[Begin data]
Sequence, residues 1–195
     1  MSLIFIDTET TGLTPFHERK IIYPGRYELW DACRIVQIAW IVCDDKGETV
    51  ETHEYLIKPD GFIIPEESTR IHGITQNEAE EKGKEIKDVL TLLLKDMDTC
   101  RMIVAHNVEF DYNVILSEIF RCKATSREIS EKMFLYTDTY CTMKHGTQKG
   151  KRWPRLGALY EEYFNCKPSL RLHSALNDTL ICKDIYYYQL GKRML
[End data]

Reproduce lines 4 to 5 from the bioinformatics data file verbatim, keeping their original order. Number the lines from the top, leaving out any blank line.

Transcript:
   101  RMIVAHNVEF DYNVILSEIF RCKATSREIS EKMFLYTDTY CTMKHGTQKG
   151  KRWPRLGALY EEYFNCKPSL RLHSALNDTL ICKDIYYYQL GKRML